Radon Gas
It’s a little-known fact that the second-leading cause of lung cancer is radon gas exposure. Sadly, radon causes an estimated 20,000 lung cancer deaths in the U.S. each year.

Radon is an unseen, unscented gas. Unless they have their homes tested, most homeowners don’t know they’re living with dangerous levels of this element until it’s too late. For this reason, the Environmental Protection Agency (EPA) has named January National Radon Action Month – a time for people to have their homes tested for radon.

How does radon gas get into the home?

One of the most alarming truths about radon is that it’s naturally occurring. Radon gas is created by a breakdown of uranium in elements like soil, rock and water. That makes it easy for radon to ooze into the cracks and gaps in a home’s construction – and it doesn’t matter if the home is new, old, large or small. Every home has small openings in the floors, walls, pipes and wires, which means radon can enter them.

How does radon cause cancer?

The most common way for radon to be consumed is by breathing it in. However, it can also be swallowed in water. In both cases, people can become prone to developing advanced lung diseases, including lung cancer. And for smokers, the cancer risk after radon exposure is up to 10 times greater.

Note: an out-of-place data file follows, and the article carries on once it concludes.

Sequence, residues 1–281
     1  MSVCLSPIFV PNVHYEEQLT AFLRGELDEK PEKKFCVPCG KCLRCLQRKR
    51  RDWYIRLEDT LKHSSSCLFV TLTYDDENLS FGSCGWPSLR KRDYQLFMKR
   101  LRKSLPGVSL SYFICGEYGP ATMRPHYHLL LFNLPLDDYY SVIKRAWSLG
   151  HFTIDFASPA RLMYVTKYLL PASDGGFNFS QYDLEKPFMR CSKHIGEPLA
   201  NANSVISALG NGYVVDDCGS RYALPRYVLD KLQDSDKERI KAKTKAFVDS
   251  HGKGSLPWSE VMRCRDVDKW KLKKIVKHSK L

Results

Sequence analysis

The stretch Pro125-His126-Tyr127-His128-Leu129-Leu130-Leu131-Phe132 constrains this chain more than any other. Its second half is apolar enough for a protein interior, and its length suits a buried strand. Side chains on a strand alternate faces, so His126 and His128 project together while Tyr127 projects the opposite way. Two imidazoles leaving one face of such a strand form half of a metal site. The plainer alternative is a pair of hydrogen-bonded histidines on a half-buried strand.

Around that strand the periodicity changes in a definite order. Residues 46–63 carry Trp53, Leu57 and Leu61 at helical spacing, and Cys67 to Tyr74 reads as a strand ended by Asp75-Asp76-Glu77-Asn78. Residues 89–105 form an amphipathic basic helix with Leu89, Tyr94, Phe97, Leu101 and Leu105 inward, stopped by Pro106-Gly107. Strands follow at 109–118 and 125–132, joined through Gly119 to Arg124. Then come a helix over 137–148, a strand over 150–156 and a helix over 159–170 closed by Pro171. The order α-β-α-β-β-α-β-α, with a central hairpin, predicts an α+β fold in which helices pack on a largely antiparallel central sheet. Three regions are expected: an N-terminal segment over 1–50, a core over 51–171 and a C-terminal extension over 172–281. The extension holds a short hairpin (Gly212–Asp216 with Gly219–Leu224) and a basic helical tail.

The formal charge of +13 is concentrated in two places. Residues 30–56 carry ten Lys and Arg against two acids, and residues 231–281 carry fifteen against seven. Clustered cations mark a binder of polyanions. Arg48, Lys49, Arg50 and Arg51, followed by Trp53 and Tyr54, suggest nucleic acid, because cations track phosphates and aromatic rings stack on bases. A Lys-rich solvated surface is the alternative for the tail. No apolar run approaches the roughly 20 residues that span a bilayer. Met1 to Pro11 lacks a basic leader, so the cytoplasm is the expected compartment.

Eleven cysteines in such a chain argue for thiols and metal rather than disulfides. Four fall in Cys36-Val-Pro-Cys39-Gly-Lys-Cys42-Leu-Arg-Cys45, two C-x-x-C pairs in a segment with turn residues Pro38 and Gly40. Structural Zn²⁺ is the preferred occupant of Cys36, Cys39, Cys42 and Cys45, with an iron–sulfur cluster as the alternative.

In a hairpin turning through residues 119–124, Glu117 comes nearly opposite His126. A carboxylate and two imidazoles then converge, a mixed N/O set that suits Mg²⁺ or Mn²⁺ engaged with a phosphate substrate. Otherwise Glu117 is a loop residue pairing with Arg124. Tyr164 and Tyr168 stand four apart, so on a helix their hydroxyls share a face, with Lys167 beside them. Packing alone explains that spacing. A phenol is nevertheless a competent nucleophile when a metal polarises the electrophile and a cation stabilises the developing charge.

How can I find out if there’s radon in my home?

The only way to find out if your home has elevated radon levels is by testing it. You can hire a professional, certified radon tester or buy a DIY radon testing kit. Although both short and long-term kits are available, the Environmental Protection Agency advises that the accuracy of the long-term kit is more reliable.

How often should I test my home for radon?

A one-time radon test is not enough. Even if the first test does not detect dangerous levels, it’s important to repeat your home radon test every two years.

What do I do if my home has high radon?

If the test reveals that long-term radon exposure averages 4 picocuries per liter (pCI/L) or higher, it’s time to take action. Seal the cracks in the floors and walls, and improve ventilation though sub-slab depressurization with pipes and fans. To do this, having the help of a professional is key.
To learn more about preventing radon exposure in your home, call us today. We look forward to providing you more information.

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Craig Metzger
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